However, this meta-analysis also has a few limitations. First, all included studies were case–control studies, which could not help assess the predictive or prognostic role of an increased MPV in PE. Second, there were many confounding factors influencing MPV, which were not described or not considered in the included studies. Therefore, sources of high heterogeneity could not be identified completely. It remains uncertain whether the role of MPV in PE is direct or indirect through mediation by other factors. Thus, the independent effect of MPV on PE might be overestimated. In addition, further research should be carried out to address the existing publication bias.
Clinical application and future research
Testing for MPV is cheap and easy in clinical practice. The results of our meta-analysis suggest that MPV is a useful indicator to predict the risk of the occurrence of PE and its related death. But the pooling MPV presented high heterogeneity. Therefore, MPV could be used as a tool to help for the diagnosis and risk score of PE together with many other identified risk factors (Supplementary Table 7). Moreover, MPV could be used for risk stratification of PE and added to the current guidelines  to improve the risk estimation accuracy and increase the survival rate. Additionally, MPV could be used as a marker to estimate the effect of treatment, such as anticoagulant and thrombolytic therapies [13, 49, 50].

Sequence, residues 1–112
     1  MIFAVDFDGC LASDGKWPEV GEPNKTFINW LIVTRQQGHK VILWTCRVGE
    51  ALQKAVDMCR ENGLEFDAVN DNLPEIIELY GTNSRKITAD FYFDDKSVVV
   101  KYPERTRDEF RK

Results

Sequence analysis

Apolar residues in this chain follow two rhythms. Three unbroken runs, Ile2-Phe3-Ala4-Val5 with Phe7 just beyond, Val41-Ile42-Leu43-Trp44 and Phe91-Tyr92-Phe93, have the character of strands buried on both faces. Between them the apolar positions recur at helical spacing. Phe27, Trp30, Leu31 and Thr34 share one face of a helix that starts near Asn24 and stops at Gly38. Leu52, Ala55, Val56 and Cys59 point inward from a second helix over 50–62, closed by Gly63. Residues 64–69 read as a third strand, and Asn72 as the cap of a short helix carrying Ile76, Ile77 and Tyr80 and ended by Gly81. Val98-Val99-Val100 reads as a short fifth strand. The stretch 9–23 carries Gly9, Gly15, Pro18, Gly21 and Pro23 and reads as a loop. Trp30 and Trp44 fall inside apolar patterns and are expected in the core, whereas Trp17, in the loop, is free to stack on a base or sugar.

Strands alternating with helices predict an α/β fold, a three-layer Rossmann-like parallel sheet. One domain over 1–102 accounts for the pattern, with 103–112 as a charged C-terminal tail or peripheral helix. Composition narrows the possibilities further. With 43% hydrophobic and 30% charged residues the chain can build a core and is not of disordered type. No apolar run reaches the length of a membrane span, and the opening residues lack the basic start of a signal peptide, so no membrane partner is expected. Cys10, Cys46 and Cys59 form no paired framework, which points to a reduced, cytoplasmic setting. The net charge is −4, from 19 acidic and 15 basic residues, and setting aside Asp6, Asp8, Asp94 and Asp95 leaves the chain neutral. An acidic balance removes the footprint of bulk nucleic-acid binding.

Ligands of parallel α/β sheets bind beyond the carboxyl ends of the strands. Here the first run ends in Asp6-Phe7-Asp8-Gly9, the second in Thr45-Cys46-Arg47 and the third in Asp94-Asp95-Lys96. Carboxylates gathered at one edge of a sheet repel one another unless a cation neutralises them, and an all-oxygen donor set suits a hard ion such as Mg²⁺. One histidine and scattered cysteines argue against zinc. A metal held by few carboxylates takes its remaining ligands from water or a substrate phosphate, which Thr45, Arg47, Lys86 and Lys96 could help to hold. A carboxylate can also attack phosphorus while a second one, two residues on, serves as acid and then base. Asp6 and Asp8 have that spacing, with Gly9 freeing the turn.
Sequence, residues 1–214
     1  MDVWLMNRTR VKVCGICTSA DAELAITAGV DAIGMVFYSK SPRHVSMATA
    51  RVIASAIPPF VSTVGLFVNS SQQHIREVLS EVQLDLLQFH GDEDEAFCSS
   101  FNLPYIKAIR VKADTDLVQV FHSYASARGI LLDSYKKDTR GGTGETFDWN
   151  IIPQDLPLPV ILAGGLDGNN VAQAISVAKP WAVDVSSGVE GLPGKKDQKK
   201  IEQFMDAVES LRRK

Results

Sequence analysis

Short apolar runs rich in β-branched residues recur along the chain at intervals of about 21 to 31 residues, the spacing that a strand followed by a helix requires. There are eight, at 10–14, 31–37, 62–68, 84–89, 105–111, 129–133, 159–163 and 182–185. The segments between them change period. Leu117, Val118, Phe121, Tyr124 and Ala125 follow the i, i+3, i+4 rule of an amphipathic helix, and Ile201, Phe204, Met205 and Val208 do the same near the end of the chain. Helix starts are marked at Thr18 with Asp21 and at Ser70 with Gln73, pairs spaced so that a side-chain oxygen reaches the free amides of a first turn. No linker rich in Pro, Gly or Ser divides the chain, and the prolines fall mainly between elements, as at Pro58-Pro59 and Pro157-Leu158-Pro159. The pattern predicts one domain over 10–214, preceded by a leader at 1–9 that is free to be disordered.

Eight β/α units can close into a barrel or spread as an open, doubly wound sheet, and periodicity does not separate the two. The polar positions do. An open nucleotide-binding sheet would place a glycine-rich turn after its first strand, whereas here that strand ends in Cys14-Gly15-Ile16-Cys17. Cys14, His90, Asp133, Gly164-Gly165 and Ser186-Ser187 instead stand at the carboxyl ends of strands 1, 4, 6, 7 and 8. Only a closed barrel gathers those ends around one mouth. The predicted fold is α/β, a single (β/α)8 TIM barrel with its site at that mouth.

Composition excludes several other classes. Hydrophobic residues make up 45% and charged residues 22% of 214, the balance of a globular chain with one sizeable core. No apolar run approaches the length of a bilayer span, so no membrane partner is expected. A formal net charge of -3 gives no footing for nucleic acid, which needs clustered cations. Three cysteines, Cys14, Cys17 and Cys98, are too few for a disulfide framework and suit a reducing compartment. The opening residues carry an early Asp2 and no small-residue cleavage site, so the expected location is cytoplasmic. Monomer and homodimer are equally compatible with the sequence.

Further studies should be conducted to support our findings and to examine the clinical utility of MPV testing among patients with PE. Future large-scale cohort studies that include complete information on all known risk factors for VTE should be conducted, and these should consider all confounding factors for MPV, such as age, sex, smoking, diabetes mellitus, EDTA use, type of analyzers used, and testing time. Furthermore, the subjects included in the future studies should be classified by risk stratification to compare the different effects of MPV between patients with different risk levels and controls.
There was a positive association between MPV and PE. MPV was significantly larger in patients with PE than in controls and in those who died than in survivors of PE. These findings indicate that MPV could be a useful marker for risk prediction and risk stratification in patients with PE together with other risk indicators.
PE: Pulmonary embolism; MPV: Mean platelet volume; CTPA: Computed tomography pulmonary angiography; MRI: Magnetic resonance imaging; MD: Mean difference; SD: Standard deviation; OR: Odds ratios; RR: Risk ratios; HR: Hazard ratios; CI: Confidence intervals; EDTA: Ethylenediaminetetraacetic acid; DVT: Deep vein thrombosis; NOS: Newcastle–Ottawa Scale; WMD: Weighted mean differences; I2: I-square; VTE: venous thromboembolism; PTE: Pulmonary thromboembolism.
W.-Y.L. and Y.W. designed the study. X.L. collected the data and did the analysis. W.-Y.L. and Y.W. prepared the figures and tables, and drafted the manuscript. X.L. revised the manuscript, including figures and tables. Y.H. supervised the study. All authors reviewed the manuscript.
Conflicts of Interest
The authors declare that they have no conflicts of interest.
This study was supported by National Natural Science Foundation of China (Grants: 81500109, 81601540).